Little library goers took their own “paws for reading” on Tuesday, Aug. 2 when Judy Burr and Linda Berk brought their two pups, Wilson and Xorra, to the Mt. Laurel Library. Here, newborns to children age 5 gathered to listen to short stories involving the day’s fitting theme, dogs.
Once a year during the summer, both dogs meet at the library for this hour of dog-related stories, however Wilson and Xorra are familiar faces around the library due to their separate involvement in the library’s “Paws for Reading” program. This free library program, designed for grades first through fourth, helps children improve their reading skills by providing to them a nonjudgmental, furry audience twice a month.
Through her involvement in these private support sessions, Burr has seen numerous accounts of her dog’s presence advancing the literacy skills of participating children. When giving examples from her volunteer work, Burr describes seeing significant increases in interaction in two boys with autism who read to Wilson, as well as in a young girl who had undergone serious surgeries and who experienced a disruptive home life but now shines with self-confidence.
Burr described other scenarios where Wilson, who is a bearded collie wheaten terrier, helped children not only become stronger readers but also helped them to overcome their fear of dogs. Due to the Mt. Laurel library offering a safe, controlled environment, kids are able to become exposed to these animals and gradually work their way up to physically engaging with them.
“Kids get much confidence out of not only reading to the dogs, but also from being affiliated with dogs who are well behaved,” Berk said. “It’s a great thing, especially because sometimes even the parents will show that they are fearful of dogs.”
The work of Burr, Berk and their two dogs is especially important because it has been reported that subjecting children to the unbiased, four-legged audience will help them gain confidence in their ability to read. This way, children do not feel as embarrassed if they make a mistake while reading. Confirming these beliefs, one research study conducted by the University of California Davis found that after a 10-week interval, children who read to animals had their reading skills improve by roughly 30 percent.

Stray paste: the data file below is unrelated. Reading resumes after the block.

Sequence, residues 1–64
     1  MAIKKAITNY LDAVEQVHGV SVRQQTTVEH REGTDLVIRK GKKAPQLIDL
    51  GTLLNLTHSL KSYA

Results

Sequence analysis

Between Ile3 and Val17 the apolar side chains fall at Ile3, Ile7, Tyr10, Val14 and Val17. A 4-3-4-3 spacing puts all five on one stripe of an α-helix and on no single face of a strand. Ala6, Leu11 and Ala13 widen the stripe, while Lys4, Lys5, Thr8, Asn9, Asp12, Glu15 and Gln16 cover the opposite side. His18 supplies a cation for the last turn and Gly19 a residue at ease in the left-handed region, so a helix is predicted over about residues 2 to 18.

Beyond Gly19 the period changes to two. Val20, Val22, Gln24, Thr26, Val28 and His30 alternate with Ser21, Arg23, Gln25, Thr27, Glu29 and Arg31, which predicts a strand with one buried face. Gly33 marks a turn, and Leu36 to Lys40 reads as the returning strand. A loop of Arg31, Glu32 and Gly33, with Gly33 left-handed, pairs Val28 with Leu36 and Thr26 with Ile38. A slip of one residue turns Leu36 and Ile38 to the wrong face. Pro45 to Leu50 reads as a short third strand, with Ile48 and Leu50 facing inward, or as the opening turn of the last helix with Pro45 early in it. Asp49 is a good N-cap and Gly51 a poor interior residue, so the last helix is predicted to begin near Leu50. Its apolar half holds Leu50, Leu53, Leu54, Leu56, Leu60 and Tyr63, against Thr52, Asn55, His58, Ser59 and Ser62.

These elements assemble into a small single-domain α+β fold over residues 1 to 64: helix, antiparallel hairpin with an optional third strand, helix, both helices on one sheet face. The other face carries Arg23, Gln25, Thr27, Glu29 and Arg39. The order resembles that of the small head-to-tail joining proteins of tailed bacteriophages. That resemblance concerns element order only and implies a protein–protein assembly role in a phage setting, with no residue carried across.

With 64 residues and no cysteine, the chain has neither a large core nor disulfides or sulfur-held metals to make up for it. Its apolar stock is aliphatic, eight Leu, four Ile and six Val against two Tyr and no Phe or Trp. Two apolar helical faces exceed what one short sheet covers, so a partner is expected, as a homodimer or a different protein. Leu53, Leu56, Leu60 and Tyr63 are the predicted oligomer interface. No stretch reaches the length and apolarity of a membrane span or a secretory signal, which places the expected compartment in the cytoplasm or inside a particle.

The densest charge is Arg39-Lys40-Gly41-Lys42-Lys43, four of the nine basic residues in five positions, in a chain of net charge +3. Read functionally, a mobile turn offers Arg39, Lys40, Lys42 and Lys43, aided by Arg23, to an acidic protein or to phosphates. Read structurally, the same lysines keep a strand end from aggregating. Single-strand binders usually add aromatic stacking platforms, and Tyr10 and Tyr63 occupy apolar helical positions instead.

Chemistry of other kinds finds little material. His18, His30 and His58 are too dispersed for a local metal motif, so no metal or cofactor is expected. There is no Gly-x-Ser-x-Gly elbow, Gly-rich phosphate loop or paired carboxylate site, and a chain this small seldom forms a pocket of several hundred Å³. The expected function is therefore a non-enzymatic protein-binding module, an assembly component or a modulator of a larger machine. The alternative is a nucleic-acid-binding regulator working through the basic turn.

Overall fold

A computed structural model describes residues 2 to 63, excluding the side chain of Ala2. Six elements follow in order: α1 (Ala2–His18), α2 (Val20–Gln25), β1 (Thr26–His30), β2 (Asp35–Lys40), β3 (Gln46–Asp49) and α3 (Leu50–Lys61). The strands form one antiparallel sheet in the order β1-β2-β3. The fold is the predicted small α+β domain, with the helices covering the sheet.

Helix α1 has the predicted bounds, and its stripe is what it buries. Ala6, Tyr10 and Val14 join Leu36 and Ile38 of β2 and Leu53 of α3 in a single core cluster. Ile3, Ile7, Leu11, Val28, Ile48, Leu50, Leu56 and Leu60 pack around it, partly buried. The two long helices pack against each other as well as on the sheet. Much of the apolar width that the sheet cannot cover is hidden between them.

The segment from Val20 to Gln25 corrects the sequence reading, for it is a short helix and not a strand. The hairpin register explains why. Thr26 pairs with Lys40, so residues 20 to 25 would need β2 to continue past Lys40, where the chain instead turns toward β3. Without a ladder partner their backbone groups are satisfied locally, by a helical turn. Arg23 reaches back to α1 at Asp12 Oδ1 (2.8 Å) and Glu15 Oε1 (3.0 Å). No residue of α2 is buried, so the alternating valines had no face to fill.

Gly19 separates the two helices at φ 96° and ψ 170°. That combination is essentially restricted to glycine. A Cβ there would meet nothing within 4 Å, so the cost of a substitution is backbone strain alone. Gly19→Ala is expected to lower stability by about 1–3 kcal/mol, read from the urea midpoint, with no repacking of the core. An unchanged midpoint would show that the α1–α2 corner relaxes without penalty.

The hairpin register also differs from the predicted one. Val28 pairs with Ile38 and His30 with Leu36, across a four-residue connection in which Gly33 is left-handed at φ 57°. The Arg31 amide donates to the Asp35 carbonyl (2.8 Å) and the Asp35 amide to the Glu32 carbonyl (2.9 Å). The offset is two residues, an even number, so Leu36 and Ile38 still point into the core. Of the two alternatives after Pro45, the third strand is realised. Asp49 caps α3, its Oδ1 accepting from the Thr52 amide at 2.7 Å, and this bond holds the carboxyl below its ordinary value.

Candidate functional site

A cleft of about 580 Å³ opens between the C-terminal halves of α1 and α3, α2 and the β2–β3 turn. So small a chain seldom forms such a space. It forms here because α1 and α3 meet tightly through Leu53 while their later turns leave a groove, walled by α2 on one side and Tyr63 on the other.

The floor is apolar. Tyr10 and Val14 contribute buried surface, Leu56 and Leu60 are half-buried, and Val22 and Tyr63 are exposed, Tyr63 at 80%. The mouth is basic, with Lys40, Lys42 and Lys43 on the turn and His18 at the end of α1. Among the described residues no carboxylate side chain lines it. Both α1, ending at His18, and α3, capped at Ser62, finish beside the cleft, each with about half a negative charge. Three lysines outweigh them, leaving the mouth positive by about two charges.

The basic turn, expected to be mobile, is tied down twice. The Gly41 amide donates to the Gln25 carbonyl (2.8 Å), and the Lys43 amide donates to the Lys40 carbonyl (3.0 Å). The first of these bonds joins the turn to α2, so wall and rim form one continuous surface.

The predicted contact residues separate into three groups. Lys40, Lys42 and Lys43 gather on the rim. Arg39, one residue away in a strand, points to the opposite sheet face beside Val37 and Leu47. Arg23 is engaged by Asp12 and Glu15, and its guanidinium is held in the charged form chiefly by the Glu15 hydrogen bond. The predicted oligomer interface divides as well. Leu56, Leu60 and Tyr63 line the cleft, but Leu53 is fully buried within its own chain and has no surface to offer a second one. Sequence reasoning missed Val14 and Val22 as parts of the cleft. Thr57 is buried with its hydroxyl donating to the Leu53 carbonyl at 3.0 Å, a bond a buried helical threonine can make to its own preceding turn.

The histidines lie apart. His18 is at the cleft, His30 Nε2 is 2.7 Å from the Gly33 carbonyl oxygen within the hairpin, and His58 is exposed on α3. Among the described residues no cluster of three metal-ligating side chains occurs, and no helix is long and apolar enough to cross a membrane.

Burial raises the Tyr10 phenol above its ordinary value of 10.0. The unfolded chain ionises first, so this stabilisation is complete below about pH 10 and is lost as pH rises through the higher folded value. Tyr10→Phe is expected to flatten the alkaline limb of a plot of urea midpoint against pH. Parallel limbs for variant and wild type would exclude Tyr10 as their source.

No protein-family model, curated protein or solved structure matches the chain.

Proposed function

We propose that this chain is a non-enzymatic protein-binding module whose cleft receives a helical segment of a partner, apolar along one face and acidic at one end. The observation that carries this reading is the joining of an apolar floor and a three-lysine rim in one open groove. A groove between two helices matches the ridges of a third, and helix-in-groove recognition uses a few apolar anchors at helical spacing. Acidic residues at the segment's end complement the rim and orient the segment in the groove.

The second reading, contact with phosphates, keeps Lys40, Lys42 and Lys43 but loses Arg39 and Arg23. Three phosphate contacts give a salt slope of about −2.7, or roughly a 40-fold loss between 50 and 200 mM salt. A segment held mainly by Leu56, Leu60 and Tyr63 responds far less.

“Our involvement is always fun and it teaches children about dogs early,” Berk said. “It also allows kids who could later potentially be involved in the program to get excited about the opportunity to enter the Paws for Reading program in the future and look forward to it.”
Burr and Wilson have been participating in the Paws for Reading program and coming to the library for five years, whereas Berk and Xorra are going on their seventh year of participation.
Burr first adopted Wilson, named after her great grandmother Mary Wilson, from a kill shelter in Arkansas. Upon taking him to her vet for the first time, the doctor told her that Wilson was an ideal candidate to be trained as a therapy dog. Ever since, Wilson has been helping others just as they help him practice the commands Burr has taught him.
Berk first got Xorra at 7 weeks old and trained her to become a Seeing Eye dog. After not making the Seeing Eye dog program due to seasonal allergies, Xorra retired and became a therapy dog. Named after the Seeing Eye dog “X liter,” which she was born into, the full bred German shepherd has also helped her community by becoming a blood donor.
Together, Burr, Berk, Wilson and Xorra hope to make a difference in the lives of as many Mt. Laurel children as possible.